Indian-origin surgeon Jayant Patel on Monday pleaded not guilty to a charge of causing potentially life-threatening bodily harm to his patient during a 2004 surgery in Australia. Meanwhile, as the trial continued on Tuesday (Sept 24), the presiding Judge Terence Martin slammed a Channel 7 report related to the case as "totally irresponsible.
A program about alleged problems with doctors was aired on Channel 7 current affairs program Today Tonight on Monday night.
On Tuesday morning, reports say, the trial got delayed as both persecution and defence lawyers complained to the court about the Channel 7 program.
In his observation, the Judge warned 14 person fellow- jurors to ignore such reporting or risk a "grave injustice" and urged them to put all reporting out of their minds.
Source: You Tube/TodayTonight
Considering the highly emotive nature of the trial and the world-wide publicity and media coverage it drew, empanelling process for the jurors has been "more complicated and lengthier than usual."
Reports suggest that six jurors had to be excused and replaced after raising matters privately with Justice Terence Martin.
The jurors were read out a list of witnesses in the case and asked if they knew any of the individuals, and whether that would affect their ability to be fair, reports said.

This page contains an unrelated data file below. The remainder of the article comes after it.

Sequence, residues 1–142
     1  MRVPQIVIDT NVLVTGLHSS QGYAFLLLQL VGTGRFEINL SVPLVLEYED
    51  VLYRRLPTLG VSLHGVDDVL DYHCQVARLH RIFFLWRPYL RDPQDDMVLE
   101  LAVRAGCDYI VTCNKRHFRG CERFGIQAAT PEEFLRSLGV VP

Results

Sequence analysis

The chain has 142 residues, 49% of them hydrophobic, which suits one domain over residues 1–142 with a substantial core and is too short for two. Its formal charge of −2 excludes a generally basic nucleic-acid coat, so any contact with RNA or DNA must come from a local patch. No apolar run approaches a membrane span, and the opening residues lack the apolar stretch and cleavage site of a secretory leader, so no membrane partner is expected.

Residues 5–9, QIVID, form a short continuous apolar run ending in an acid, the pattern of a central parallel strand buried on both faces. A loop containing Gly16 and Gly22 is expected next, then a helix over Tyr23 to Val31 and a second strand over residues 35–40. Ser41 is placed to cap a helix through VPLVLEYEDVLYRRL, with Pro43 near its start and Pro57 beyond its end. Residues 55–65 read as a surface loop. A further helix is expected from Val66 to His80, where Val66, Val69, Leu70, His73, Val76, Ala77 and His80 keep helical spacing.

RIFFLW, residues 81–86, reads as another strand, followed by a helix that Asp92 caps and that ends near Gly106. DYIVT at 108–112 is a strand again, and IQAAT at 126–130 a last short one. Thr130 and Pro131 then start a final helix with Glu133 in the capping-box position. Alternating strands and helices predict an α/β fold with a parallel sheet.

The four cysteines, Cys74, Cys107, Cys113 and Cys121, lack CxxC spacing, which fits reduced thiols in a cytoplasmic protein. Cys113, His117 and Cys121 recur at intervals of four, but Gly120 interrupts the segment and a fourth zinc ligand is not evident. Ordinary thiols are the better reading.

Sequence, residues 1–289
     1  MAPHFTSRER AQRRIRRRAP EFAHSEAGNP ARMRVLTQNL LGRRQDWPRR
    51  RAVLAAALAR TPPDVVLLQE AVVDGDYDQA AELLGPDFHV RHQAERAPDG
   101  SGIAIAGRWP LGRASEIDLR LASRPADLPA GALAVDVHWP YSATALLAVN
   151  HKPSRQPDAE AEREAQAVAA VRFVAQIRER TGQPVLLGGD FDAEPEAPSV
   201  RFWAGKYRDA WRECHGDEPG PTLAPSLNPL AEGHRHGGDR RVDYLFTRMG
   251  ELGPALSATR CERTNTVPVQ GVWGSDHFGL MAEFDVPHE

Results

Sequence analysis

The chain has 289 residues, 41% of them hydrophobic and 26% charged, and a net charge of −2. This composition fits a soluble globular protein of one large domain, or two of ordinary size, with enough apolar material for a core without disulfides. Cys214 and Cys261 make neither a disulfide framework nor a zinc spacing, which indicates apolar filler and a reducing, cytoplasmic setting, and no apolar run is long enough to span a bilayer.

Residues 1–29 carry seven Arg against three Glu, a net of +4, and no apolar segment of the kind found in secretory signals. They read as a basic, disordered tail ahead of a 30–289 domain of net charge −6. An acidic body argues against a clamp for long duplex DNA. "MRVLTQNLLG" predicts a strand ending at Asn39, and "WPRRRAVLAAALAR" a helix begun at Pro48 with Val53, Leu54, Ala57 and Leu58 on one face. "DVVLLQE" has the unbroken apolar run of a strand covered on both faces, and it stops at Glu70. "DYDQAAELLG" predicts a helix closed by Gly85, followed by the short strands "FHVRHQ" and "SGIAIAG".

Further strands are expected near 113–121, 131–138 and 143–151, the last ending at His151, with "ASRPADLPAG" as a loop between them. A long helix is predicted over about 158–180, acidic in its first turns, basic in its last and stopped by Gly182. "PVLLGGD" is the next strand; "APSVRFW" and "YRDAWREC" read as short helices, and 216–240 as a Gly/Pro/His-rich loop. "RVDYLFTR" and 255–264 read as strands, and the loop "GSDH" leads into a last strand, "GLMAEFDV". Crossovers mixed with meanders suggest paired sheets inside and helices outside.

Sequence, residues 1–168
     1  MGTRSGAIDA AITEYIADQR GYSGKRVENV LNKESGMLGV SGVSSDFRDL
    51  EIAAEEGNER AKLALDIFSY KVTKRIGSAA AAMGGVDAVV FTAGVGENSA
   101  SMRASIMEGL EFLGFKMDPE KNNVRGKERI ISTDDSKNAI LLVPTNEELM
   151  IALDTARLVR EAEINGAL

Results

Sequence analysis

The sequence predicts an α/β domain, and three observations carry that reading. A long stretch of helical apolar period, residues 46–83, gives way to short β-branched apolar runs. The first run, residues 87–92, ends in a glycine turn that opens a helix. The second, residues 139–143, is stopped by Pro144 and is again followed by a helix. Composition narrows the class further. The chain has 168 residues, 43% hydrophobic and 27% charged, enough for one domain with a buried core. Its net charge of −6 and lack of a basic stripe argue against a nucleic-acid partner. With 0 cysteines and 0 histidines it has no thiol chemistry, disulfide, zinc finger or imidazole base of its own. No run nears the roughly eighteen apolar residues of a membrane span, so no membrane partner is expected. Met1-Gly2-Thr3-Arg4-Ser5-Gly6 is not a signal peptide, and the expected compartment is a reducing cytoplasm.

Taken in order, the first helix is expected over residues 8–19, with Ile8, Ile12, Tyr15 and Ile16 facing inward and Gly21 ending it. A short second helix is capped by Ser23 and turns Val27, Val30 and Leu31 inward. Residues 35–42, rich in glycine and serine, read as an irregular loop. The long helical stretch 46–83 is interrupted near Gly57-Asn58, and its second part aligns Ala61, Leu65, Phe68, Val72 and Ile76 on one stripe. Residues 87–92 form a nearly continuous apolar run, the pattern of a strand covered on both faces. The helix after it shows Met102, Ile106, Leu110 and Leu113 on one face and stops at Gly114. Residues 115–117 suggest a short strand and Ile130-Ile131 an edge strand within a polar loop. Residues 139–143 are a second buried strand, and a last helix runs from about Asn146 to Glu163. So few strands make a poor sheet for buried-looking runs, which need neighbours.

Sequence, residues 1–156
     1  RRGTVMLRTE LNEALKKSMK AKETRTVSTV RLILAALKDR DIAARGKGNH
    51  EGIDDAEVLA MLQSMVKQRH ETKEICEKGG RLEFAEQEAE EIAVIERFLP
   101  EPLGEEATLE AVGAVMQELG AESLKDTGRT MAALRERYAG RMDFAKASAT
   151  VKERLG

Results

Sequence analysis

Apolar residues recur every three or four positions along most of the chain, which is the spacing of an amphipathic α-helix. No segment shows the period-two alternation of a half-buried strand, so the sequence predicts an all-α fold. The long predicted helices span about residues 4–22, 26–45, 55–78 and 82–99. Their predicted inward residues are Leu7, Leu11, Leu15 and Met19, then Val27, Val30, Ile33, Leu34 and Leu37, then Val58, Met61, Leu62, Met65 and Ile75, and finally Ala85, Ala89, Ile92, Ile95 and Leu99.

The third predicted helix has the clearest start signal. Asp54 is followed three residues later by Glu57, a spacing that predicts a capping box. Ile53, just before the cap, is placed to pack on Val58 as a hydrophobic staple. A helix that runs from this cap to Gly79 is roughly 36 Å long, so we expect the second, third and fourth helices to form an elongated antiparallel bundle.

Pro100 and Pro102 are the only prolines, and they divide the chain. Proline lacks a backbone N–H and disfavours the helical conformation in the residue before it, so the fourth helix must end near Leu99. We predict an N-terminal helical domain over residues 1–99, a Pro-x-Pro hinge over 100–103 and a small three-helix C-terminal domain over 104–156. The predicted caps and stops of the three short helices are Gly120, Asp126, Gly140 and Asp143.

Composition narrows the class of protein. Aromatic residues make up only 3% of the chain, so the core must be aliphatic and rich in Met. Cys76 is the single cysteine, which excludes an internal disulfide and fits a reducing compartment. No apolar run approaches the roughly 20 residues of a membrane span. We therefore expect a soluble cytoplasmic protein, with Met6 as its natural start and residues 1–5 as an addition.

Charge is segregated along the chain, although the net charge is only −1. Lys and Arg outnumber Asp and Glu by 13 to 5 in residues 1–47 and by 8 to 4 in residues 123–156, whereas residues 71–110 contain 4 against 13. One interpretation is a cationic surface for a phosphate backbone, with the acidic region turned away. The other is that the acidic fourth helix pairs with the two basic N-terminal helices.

The Jurors were required to answer a questionnaire, including whether they have heard anything adverse about Patel. It also said that jurors were not allowed to discuss their case response with each other.
Patel, an American surgeon is at the centre of a 2005 scandal in which he was accused of gross incompetence while working at Bundaberg Base Hospital in Queensland, Australia.
The 64-year-old doctor, who was the head of surgery at the Bundaberg Hospital, is facing re-trial in the Brisbane District Court for unnecessarily removing patient Ian Rodney Vowels's colon during the surgery which happened nine years ago.
Patel, was extradited from the US face criminal charges in 2008. In June 2010, he was convicted of 3 counts of manslaughter and one case of grievous bodily harm, and sentenced to seven years imprisonment.
However, in August 2012, all convictions were quashed by the full bench of the High Court of Australia.
A retrial was ordered in the case due to 'highly emotive and prejudicial evidence that was irrelevant to the case.'
Interestingly, Patel, who faced a re-trial in Feb 2013 for the alleged manslaughter of 75-year-old patient Mervyn Morris in 2004, was found not guilty.